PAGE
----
Saturday, 27th September 1873
My Dearest Kate,
As you are, I am sure, well aware, I am safely aboard The Soleil. At current, I am huddled in the corner of my bunk, trying to stay warm. Believe it or not, it is quite cold in the middle of the North Atlantic, even in September, and my quilt isn’t very warm. If I were rich, and had access to a little stove in one of the upper-level cabins, I would probably be happily reading in a chair, instead of shivering here trying to ignore the stench of sick coming from a few bunks down. But, I am not rich, so here I am.
I feel a tad like Jane Eyre, when she grew tired of Logwood School and moved to Thornfield Hall for a fresh start. Do you think London will have a madwoman in the attic? Well, perhaps not the attic, as I am sure London has lots of attics, and there is most likely a madwoman in at least one of them, but I suppose what I am saying is, do you think something exciting will happen? I suppose if I hope for adventure, I shall get it, and then very quickly regret wishing for it.
Oh, how I miss you, Kate. I hope you know that I didn’t leave Boston because of you. It was just that every street, every corner, every shop, reminded me of him. And everything I said and did reminded everybody else of him to. A girl of my age without family or connection, and with my history, is destined to live the life of my mother. You wouldn’t want that for me, would you? I am certain you wouldn’t. I hope you will one day forgive my leaving you. But we needn’t speak of that now. New city, new people, new me. I only wish you could have come with me. Perhaps when poor John is better, you will. I will settle myself in London and you will always be welcome in my new home for however long you want.
Life on a ship is very strange. Three times a day, we go to the galley for stale bread, lumpy porridge, and potato stew. I have heard that those travelling in first class are given oranges. Oranges! I’ve never even had an orange. When I arrive in London, new me will be a woman of style who eats oranges regularly.
“Oh this? It’s only an orange. Yes, I bought it myself, would you like a wedge? I have plenty to spare.”
Monday, 20th October 1873
I have been on this ship well over a fortnight, 23 days, to be exact (yes, I have been counting), and the novelty of life at sea has long since worn off. I am cold and hungry. I would give anything for a bite of spinach or some onion; I never realized how tiresome potatoes could be. I suppose if I am tired of potato already, I shouldn’t be going to England, of all places. I am seasick most days, and desperate for a bath. Worst of all, I am bored. So, so bored. You will probably receive this letter at the same time as the last; there isn’t exactly a postal service leaving The Soleil in the middle of the ocean, but I needed something to do. I ran out of cloths to patch about a day after we left. There were lots of holes, but almost no dresses, I only have my two worst ones, because I had to sell the others to pay for the ship fare. I will need to buy a warmer one when I get to London, because the weather will be getting colder. Heavens, it’s starting to sound like there are a lot of things I’ll “have to buy once I get to London”, and no money to buy them with. I’ll be lucky if the small lot of (American) cash I have stuffed into the top of my corset lasts me one week worth of rent. I need to find a job, but I don’t know how to do that without any connections. Oh Katie, what was I thinking? Jane Eyre got her job before moving to Thornfield, I just jumped on a boat at the first sign of trouble! I’m already regretting this decision, and I haven’t even arrived.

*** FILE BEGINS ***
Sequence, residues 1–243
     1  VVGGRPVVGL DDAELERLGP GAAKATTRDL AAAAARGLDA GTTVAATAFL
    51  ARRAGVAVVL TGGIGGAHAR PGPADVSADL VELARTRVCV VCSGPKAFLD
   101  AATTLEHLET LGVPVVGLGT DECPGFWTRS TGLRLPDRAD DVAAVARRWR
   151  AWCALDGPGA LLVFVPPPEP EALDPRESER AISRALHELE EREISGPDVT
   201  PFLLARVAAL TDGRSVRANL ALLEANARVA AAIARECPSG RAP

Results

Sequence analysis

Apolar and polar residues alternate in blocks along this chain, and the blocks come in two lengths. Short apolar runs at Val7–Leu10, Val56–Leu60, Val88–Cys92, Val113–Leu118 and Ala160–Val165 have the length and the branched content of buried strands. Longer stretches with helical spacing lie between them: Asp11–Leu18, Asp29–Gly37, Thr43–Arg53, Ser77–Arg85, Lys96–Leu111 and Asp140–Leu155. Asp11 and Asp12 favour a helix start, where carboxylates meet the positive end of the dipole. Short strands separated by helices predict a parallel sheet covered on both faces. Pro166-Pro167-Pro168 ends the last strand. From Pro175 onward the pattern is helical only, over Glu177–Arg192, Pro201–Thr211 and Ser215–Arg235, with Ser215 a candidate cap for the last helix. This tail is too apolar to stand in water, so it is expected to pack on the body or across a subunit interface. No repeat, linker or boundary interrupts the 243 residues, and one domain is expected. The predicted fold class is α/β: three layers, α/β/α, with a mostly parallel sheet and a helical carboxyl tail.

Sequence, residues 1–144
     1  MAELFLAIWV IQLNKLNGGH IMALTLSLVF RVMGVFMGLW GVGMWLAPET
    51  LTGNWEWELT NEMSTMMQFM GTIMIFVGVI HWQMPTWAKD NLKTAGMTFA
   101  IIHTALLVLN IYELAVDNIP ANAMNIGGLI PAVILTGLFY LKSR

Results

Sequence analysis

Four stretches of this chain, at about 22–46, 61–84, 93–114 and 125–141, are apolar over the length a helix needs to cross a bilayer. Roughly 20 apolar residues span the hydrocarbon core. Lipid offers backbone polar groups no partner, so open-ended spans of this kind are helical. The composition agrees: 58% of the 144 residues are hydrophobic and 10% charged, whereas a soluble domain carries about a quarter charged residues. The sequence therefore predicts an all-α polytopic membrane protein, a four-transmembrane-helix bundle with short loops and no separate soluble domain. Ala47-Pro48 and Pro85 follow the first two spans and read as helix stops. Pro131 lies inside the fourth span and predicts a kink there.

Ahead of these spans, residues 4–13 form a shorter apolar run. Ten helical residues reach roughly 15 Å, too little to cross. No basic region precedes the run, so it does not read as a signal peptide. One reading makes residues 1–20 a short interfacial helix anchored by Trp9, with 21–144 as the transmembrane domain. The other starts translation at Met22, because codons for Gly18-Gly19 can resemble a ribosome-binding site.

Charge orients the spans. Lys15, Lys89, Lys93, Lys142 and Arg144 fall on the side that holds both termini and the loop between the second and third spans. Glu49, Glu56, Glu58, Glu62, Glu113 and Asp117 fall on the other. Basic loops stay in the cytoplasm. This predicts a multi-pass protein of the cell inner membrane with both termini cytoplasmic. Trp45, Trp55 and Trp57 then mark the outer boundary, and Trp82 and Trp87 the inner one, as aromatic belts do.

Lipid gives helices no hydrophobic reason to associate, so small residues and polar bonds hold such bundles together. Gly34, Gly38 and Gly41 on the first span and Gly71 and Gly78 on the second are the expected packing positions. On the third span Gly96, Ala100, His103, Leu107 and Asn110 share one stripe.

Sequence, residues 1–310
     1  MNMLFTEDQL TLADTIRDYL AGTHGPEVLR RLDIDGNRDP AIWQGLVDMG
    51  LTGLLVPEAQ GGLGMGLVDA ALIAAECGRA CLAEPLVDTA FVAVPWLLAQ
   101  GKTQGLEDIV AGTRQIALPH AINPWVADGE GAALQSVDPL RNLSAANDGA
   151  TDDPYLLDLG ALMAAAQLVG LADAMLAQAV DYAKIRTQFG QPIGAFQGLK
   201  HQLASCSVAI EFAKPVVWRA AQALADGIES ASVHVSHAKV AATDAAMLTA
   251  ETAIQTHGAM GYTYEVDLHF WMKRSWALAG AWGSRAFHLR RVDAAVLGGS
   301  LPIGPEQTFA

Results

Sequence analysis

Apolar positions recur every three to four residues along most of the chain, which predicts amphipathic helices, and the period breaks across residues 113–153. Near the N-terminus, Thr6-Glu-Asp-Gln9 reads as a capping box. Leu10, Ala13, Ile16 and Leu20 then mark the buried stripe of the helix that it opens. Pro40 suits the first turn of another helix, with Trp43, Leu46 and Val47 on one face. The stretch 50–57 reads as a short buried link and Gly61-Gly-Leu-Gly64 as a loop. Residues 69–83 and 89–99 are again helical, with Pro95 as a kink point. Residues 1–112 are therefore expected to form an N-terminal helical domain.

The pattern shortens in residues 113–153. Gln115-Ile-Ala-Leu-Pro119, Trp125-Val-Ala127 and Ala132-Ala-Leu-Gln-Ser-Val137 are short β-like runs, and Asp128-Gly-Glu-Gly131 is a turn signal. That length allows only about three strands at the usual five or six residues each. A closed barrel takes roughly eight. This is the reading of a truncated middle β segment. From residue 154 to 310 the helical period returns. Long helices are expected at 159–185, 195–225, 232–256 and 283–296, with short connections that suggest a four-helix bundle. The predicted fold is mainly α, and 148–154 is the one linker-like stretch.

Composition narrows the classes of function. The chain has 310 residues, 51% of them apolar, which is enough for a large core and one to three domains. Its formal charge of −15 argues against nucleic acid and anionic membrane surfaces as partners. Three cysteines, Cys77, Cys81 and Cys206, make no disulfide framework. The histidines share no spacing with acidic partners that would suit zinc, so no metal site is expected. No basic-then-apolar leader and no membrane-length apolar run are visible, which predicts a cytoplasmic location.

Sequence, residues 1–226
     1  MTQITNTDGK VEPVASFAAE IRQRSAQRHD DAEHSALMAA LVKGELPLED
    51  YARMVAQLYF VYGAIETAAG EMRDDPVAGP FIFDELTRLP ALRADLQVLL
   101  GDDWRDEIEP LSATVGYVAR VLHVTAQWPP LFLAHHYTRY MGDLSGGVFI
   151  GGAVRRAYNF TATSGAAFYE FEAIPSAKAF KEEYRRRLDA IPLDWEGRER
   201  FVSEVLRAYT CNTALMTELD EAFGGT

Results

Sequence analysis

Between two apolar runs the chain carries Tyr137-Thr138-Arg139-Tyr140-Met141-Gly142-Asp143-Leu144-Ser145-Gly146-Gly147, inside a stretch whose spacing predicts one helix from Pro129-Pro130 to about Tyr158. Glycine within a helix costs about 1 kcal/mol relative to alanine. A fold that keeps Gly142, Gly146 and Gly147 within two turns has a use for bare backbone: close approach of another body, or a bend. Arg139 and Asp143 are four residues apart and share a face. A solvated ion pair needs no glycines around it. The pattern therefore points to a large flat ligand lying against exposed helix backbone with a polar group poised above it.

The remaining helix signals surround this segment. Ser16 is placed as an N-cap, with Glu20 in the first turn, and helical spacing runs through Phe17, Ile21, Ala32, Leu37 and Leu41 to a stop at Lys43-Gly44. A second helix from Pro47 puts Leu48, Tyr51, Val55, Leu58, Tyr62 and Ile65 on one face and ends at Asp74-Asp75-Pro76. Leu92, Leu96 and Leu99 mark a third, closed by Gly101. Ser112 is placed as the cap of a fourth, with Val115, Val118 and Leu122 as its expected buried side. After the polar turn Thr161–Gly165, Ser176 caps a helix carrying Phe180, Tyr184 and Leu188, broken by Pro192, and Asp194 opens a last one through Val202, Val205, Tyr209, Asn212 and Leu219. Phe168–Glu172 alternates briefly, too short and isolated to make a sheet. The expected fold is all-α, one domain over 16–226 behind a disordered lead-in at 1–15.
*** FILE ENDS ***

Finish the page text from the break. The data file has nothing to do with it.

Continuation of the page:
Give John and your sister my love.
Adelaide could hear London before she could see it. The fog (or possibly smoke) of the city was so thick she couldn’t make out the roofs of its buildings or the glow of its windows, where candles were lit even in daytime to ward away the gloom. The clamor of carts and the shouting of dockworkers, though, were in no way muffled by the haze. The deck of The Soleil was alive with commotion. People shoved each other to get to the rail, squinting in hopes of getting a glimpse of waiting family members or their first sight of the city. Children cried in confusion as adults talked over one another in excitement of their arrival. Adelaide sat anxiously in a corner, her back pressed against the wall of a cabin. She clutched a tattered suitcase, which had belonged to Kate’s husband, John, to her chest, her few belongings carefully folded inside. She remained tucked safely out of the way as deckhands through ropes to the docks and people shuffled in a chaotic mass off of the boat, embracing loved ones and exclaiming at their safe arrival. Adelaide waited for the initial wave of people to subside before she steps onto the sooty ground of London for the very first time.
Her first order of business was to find a post office and mail the two letters to Kate. She asked a rather harried dock-worker, who gave a somewhat vague response with a wave of his hand before yelling at a pair of filthy boys for “blocking the boarding platform.
London was loud and dirty, possibly even more so than Boston. After several weeks spent in the relative quiet of the sea, Adelaide felt that her ears were being bombarded by yelling, the rattling of wheels, and the occasional off-pitch song of a drunkard. If anyone thought it was strange to see a 16-year-old girl wandering alone with a suitcase and a somewhat lost expression, nobody said anything. After much frustration, a healthy amount of panic, and retracing her steps at least five times, Adelaide finally reached a small post office. The postmaster took in her stained dress and greasy, poorly pinned hair with obvious distaste, but exchanged her American bills for British ones and took a few coins and her letters nonetheless.